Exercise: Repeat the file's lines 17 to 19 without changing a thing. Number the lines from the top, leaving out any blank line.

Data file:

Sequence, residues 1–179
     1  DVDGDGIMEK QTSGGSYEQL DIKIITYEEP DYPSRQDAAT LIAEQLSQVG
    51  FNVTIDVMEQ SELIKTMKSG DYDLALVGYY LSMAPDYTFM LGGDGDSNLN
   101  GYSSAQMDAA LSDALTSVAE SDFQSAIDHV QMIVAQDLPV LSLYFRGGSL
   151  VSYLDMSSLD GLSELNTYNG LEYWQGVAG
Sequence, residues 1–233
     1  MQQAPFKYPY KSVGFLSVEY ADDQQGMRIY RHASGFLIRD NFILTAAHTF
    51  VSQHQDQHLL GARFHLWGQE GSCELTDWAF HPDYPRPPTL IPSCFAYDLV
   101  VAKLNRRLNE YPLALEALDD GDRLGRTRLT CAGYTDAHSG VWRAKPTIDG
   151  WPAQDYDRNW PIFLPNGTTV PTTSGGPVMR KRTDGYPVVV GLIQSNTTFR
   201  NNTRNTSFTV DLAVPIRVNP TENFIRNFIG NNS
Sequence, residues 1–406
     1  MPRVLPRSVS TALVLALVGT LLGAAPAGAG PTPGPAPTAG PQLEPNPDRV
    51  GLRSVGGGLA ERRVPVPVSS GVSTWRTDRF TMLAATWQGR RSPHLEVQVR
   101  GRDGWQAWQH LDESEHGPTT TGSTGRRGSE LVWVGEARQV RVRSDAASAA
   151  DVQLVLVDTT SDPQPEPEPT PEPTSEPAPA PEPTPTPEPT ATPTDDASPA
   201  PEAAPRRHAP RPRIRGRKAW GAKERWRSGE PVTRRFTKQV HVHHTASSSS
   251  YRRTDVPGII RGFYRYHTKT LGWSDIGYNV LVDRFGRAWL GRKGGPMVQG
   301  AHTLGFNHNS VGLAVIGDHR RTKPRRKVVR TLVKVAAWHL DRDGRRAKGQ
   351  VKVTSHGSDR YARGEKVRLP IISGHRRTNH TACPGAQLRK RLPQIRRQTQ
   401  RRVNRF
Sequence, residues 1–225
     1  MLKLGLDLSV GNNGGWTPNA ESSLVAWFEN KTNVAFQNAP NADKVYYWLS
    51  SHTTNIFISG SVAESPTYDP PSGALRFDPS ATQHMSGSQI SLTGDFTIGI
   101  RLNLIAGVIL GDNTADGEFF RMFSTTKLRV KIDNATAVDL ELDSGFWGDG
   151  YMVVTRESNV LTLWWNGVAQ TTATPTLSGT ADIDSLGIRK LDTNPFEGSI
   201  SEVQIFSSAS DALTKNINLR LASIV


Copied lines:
   201  PEAAPRRHAP RPRIRGRKAW GAKERWRSGE PVTRRFTKQV HVHHTASSSS
   251  YRRTDVPGII RGFYRYHTKT LGWSDIGYNV LVDRFGRAWL GRKGGPMVQG
   301  AHTLGFNHNS VGLAVIGDHR RTKPRRKVVR TLVKVAAWHL DRDGRRAKGQ